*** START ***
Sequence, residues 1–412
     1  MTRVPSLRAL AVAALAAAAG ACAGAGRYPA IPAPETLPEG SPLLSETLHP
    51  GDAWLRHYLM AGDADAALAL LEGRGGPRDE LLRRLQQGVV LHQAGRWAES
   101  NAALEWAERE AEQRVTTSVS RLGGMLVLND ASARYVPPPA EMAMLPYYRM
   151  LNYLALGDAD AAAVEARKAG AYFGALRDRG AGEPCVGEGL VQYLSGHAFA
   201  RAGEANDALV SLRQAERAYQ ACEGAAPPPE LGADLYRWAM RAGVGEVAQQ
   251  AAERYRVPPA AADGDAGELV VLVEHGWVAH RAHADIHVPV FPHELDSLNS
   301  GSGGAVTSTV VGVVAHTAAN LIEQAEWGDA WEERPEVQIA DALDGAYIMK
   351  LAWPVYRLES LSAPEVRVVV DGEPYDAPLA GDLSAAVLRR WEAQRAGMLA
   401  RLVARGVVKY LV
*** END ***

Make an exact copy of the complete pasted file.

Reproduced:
Sequence, residues 1–412
     1  MTRVPSLRAL AVAALAAAAG ACAGAGRYPA IPAPETLPEG SPLLSETLHP
    51  GDAWLRHYLM AGDADAALAL LEGRGGPRDE LLRRLQQGVV LHQAGRWAES
   101  NAALEWAERE AEQRVTTSVS RLGGMLVLND ASARYVPPPA EMAMLPYYRM
   151  LNYLALGDAD AAAVEARKAG AYFGALRDRG AGEPCVGEGL VQYLSGHAFA
   201  RAGEANDALV SLRQAERAYQ ACEGAAPPPE LGADLYRWAM RAGVGEVAQQ
   251  AAERYRVPPA AADGDAGELV VLVEHGWVAH RAHADIHVPV FPHELDSLNS
   301  GSGGAVTSTV VGVVAHTAAN LIEQAEWGDA WEERPEVQIA DALDGAYIMK
   351  LAWPVYRLES LSAPEVRVVV DGEPYDAPLA GDLSAAVLRR WEAQRAGMLA
   401  RLVARGVVKY LV